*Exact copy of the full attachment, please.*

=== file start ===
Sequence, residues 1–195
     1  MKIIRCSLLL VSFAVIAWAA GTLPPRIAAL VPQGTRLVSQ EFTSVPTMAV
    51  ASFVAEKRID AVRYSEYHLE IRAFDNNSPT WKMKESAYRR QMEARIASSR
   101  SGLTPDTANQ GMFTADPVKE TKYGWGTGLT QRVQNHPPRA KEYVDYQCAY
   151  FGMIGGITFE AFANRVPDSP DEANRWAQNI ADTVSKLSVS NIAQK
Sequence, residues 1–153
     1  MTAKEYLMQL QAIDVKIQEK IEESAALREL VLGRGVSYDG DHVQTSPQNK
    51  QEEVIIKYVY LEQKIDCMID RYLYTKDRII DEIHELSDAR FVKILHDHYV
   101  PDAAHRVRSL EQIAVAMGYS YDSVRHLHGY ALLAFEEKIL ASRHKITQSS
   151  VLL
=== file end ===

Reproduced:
Sequence, residues 1–195
     1  MKIIRCSLLL VSFAVIAWAA GTLPPRIAAL VPQGTRLVSQ EFTSVPTMAV
    51  ASFVAEKRID AVRYSEYHLE IRAFDNNSPT WKMKESAYRR QMEARIASSR
   101  SGLTPDTANQ GMFTADPVKE TKYGWGTGLT QRVQNHPPRA KEYVDYQCAY
   151  FGMIGGITFE AFANRVPDSP DEANRWAQNI ADTVSKLSVS NIAQK
Sequence, residues 1–153
     1  MTAKEYLMQL QAIDVKIQEK IEESAALREL VLGRGVSYDG DHVQTSPQNK
    51  QEEVIIKYVY LEQKIDCMID RYLYTKDRII DEIHELSDAR FVKILHDHYV
   101  PDAAHRVRSL EQIAVAMGYS YDSVRHLHGY ALLAFEEKIL ASRHKITQSS
   151  VLL